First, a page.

Saturday, March 8, 2014

The gunners have this plan, sir, but...

From a 1530ish manual on military ordnance; rocket cats.

The work is by one Franz Helm of Cologne, who was an artillerist and ordnance specialist during the early gunpowder warfare period. And Franz had some ideas that seem to be some pretty outside-the-box thinking.
"Helm explained how animals could be used to deliver incendiary devices: "Create a small sack like a fire-arrow . if you would like to get at a town or castle, seek to obtain a cat from that place. And bind the sack to the back of the cat, ignite it, let it glow well and thereafter let the cat go, so it runs to the nearest castle or town, and out of fear it thinks to hide itself where it ends up in barn hay or straw it will be ignited."

In other words, capture a cat from enemy territory, attach a bomb to its back, light the fuse and then hope it runs back home and starts a raging fire."
So far as I know there is no actual evidence that Helm, or anyone else, actually tried this.

Probably not a good idea whenb you think about it, given that a flaming cat, or crow or pigeon, is just as likely to flee in panic towards the nearest cover - the nearest probably being your own mess tent.

Still. Just goes to show that the whole "bizarrely useless defense contractor gimmick" wasn't invented by Raytheon.

(Big h/t to TPM and Lawyers, Guns & Money for finding this bizarre piece of semi-military historical trivia...)


  1. Didn't rustlers (or maybe Kiowas?) use that trick to stampede cattle drives on the Chisolm or one of the other trails? Soak a cat (or a dog or even a jackrabbit or other critter) with kerosene or moonshine, light it up and throw it into the herd. And then in all the confusion they could cut out some beef for your own larder.

    Or am I thinking of a Faulkner novel about barn burning? My memory is shot - surfeited on too much golf and too much pulp detective fiction.

    In any case, the trick with the burning cat in the 1500s would have been to lob it over the castle walls instead of letting it find its own way. Surely Franz Helm as an artillerest would have realized that. Kind of like what the Mongols did by lobbing Yersinia Pestis coccobacillus infected cadavers over the walls of the Crimean city of Caffa.

  2. These chalcographs had an amazing longevity. They can be observed still cropping up in military manuals as late as the early 18th century.

  3. bat bomb.
    anti tank dog
    project pigeon

    This is one list of very similar projects. Especially the anti tank dog was an effective measure.

  4. Chief,
    To be effective you must be willing to let the cat outta the bag.

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  6. Can't seem to find anyone's email, so I'll post this here.

    I think these two pieces by Alexander Dugin go along way to explaining the Russian perspective WRT Ukraine. Might make a good post:

  7. You man Dugin is one curious cat, Andy, an oddball mix of panSlavist, neotsarist (the "man of Destiny"), anarchist, and mystic - as my kids would say; "SO Russian!".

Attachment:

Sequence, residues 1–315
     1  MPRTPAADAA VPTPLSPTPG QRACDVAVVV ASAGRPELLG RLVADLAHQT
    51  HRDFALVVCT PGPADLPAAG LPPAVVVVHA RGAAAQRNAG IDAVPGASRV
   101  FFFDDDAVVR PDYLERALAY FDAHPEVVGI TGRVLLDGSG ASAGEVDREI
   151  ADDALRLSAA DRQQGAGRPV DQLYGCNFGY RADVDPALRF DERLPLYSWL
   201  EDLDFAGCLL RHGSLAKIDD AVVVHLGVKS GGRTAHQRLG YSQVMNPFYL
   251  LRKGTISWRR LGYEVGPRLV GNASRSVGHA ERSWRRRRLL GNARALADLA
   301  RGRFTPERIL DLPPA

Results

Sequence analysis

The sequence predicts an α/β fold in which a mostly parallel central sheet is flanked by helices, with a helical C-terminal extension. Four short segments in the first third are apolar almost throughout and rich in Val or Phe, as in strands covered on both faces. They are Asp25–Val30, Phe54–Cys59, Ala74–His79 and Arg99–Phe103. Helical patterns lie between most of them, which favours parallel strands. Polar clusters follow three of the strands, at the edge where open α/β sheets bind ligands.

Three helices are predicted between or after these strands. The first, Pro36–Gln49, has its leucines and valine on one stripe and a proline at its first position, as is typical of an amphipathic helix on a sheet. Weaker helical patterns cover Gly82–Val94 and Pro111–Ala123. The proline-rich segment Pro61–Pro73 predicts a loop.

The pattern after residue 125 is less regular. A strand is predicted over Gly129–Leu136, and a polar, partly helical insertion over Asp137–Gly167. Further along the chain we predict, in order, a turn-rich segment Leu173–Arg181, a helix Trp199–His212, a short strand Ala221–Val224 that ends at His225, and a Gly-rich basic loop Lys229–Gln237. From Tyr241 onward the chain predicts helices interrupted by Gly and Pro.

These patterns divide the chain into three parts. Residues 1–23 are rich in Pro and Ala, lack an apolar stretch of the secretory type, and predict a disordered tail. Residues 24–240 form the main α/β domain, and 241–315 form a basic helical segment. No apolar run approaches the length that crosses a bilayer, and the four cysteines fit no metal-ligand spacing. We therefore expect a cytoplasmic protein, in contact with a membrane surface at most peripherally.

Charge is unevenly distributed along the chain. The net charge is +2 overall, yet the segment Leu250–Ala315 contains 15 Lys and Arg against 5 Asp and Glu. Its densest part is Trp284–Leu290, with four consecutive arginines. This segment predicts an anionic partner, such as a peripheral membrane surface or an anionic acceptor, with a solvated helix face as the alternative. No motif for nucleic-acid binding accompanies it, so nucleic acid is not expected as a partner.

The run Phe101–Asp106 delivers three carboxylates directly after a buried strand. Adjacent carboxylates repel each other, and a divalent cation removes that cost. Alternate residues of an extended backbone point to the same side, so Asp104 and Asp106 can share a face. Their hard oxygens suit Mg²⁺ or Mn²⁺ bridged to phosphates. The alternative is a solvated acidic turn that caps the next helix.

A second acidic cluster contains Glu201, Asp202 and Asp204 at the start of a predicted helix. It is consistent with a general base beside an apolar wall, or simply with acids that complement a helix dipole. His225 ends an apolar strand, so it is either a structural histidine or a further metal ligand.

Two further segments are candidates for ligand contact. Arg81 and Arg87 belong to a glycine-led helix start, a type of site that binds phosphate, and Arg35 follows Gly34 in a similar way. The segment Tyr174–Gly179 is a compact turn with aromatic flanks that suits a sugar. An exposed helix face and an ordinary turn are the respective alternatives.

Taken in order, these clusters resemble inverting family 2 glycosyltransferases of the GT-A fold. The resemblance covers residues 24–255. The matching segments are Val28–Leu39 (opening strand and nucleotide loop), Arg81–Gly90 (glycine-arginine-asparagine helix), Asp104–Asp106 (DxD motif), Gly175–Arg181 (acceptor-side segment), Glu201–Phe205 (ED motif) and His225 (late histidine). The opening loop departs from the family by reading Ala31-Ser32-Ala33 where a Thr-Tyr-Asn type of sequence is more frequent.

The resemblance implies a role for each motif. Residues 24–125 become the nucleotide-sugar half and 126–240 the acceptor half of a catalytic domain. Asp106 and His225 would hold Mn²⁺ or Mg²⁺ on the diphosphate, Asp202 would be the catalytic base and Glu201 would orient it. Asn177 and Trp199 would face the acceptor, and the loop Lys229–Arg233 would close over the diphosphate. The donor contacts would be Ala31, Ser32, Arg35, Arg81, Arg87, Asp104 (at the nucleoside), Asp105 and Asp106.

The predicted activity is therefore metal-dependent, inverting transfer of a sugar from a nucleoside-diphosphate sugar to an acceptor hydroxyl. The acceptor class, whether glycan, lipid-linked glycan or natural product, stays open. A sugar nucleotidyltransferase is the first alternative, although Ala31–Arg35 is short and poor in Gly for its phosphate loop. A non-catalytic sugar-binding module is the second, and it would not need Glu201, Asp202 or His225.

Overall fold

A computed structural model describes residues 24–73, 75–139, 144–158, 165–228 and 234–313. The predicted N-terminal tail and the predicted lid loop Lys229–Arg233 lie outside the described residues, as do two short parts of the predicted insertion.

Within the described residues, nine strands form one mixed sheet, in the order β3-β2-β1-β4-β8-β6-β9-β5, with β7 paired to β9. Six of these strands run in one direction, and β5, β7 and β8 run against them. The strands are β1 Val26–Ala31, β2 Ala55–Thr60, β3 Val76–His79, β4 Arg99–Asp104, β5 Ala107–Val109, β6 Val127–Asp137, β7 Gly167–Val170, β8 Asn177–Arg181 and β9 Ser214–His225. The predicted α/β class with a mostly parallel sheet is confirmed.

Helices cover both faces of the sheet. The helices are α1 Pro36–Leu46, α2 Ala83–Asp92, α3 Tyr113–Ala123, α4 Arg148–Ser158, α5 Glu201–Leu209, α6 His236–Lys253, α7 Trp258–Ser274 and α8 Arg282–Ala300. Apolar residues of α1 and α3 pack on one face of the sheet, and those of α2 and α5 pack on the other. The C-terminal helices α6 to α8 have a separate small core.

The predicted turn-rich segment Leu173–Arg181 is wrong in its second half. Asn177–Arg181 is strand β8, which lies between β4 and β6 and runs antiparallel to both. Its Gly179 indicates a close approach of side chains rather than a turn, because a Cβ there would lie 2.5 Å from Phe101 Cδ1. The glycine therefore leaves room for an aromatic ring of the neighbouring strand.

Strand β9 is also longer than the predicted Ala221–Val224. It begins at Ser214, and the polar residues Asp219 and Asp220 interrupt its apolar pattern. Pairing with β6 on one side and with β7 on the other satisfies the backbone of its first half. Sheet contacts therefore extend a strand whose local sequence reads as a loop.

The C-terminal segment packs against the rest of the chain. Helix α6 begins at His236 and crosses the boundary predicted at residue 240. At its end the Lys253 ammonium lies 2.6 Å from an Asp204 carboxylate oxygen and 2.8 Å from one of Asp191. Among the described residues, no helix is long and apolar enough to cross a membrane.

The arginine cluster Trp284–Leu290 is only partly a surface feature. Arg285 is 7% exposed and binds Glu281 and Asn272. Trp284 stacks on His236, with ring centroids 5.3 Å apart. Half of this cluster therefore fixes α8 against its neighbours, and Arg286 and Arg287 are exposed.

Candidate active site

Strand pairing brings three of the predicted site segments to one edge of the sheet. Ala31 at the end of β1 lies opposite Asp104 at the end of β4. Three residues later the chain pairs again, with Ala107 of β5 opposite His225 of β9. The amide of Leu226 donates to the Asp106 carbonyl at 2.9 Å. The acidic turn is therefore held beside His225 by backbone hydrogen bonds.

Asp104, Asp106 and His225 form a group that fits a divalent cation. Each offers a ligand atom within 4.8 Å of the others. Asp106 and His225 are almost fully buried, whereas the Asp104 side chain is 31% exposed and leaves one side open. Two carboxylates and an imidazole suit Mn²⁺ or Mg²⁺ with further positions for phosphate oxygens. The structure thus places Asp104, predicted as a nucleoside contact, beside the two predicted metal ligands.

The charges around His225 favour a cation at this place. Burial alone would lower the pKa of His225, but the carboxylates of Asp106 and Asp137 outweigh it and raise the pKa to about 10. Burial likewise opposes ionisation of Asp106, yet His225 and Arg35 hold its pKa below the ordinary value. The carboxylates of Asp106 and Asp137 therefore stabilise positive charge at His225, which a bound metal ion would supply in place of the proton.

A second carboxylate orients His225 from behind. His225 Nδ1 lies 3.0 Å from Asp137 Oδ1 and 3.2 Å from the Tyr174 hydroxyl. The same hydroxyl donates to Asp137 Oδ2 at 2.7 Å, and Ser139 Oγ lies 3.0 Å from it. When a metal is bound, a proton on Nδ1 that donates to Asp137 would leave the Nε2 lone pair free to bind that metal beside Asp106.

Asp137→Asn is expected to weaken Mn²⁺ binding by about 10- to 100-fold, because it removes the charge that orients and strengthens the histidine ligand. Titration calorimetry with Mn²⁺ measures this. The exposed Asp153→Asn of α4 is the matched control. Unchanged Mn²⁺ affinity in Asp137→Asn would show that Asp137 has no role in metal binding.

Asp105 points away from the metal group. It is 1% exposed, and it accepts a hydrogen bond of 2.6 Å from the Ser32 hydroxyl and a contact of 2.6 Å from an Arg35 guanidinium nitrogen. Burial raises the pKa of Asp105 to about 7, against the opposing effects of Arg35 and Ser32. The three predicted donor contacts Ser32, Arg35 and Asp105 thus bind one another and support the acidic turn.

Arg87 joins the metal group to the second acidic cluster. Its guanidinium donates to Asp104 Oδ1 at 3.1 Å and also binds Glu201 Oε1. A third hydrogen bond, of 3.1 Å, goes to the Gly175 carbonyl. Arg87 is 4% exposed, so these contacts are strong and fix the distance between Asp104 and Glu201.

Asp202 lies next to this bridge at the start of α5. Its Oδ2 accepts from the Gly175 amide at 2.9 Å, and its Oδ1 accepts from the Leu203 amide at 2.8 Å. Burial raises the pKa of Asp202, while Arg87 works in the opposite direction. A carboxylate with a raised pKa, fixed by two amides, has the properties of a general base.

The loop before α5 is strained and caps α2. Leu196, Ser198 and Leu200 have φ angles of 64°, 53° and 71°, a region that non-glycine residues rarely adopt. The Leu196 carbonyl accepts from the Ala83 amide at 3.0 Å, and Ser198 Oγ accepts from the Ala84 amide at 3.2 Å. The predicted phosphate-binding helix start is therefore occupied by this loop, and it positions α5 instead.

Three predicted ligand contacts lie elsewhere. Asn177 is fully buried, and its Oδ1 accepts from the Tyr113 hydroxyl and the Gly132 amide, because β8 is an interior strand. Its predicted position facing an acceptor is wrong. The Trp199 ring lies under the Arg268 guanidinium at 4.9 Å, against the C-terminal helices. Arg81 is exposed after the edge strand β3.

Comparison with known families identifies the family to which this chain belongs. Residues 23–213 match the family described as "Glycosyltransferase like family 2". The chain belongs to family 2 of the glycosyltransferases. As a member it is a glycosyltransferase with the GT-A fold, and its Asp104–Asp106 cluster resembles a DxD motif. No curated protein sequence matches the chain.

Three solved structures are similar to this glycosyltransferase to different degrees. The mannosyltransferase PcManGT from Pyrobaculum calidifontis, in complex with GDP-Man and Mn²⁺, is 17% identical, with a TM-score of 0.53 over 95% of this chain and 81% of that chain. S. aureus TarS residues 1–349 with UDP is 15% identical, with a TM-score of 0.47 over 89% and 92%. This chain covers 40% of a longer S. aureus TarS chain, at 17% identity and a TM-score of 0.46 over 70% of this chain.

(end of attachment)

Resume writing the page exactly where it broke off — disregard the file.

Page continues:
I agree, he's probably worth throwing out there to discuss

  8. I don’t know how you can get close enough to Dugin’s dark sort of mysticism to make sense of it. And he leaves a lot unsaid, but his critique of liberalism (actually neoliberal economics) does ring some bells. After the 1% have all the money in the world, what they do then? From the statements of a couple of them, they turn paranoid, imagining that they are Jews in Nazi Germany.

  9. Don't know squat about Gospodin Dugin excepting the articles Andy linked to. That and his wiki entry which outlines his link to the National Bolshevik Front

    He sees a tad neo-Stalinist as well as Tsarist - but then what is the difference?

  10. The Woodrow Wilson International Center for Scholars has posted a 32-page report on Dugan --

    He expounds a mix of occultism, Orthodox religious pretensions, antisemitism, Aryan racial theories, Euroasianist aspirations and and "scientific" Russian nationalism. Central to his ideas is that Russia will be the salvation of the world.

  11. The thing I wonder about, Paul, is the degree to which this joker represents an actual sort of political strain of thought in modern Russia.

    Basically if Putin is nothing more than an oligarchic neoStalin without the hammer and sickle I'm sorta-OK with that. Yes, he's a miserable depotic bastard and I wouldn't want to live in his country but that's fine; I don't. His Russia isn't economically sound enough to present more than a threat to its Near Abroad.

    But if the guy and his cronies are permeated with this sort of goody pan-Slavist neo-Rasputinism? That's a little more creepy and a little more scary. The notion of a vicious little kletocrat with pretensions of spreading the gospel of Orothdox religion and the rule of the Benevolent Tsar throughout Eurasia? Gee, I wonder what could go wrong with THAT...

  12. According to the Woodrow Wilson study, Dugan's brand of thinking has some real influence on Russian elites. Education and information are slender reeds against the pull of the past, as witness the Republican Party in this country. As for individuals, most of us are what we were at 18, with some of the edges softened.

  13. Chief,

    I think he does represent a significant political strain in Russia, which is one reason why I read his stuff. He's not a complete loon though, I think some of his criticisms of what he calls "liberalism" are spot on.

    He wrote a book (which I haven't read yet) call the Fourth Political Theory. He considers the existing three political theories to be Liberalism, Fascism and Communism. In the book he supposedly advocates for a fourth, independent theory that draws from the other three.